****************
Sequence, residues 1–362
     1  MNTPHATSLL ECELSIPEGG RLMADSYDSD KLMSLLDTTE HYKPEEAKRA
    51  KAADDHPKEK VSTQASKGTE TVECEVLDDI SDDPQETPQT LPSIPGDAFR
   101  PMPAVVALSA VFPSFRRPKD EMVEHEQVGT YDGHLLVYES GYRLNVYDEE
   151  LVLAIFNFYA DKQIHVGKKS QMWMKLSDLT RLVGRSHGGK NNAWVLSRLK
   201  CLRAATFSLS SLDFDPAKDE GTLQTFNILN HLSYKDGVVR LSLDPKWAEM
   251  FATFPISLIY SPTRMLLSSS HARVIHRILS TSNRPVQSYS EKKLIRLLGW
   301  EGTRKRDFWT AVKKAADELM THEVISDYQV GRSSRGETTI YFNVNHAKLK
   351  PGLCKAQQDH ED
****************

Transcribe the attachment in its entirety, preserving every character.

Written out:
Sequence, residues 1–362
     1  MNTPHATSLL ECELSIPEGG RLMADSYDSD KLMSLLDTTE HYKPEEAKRA
    51  KAADDHPKEK VSTQASKGTE TVECEVLDDI SDDPQETPQT LPSIPGDAFR
   101  PMPAVVALSA VFPSFRRPKD EMVEHEQVGT YDGHLLVYES GYRLNVYDEE
   151  LVLAIFNFYA DKQIHVGKKS QMWMKLSDLT RLVGRSHGGK NNAWVLSRLK
   201  CLRAATFSLS SLDFDPAKDE GTLQTFNILN HLSYKDGVVR LSLDPKWAEM
   251  FATFPISLIY SPTRMLLSSS HARVIHRILS TSNRPVQSYS EKKLIRLLGW
   301  EGTRKRDFWT AVKKAADELM THEVISDYQV GRSSRGETTI YFNVNHAKLK
   351  PGLCKAQQDH ED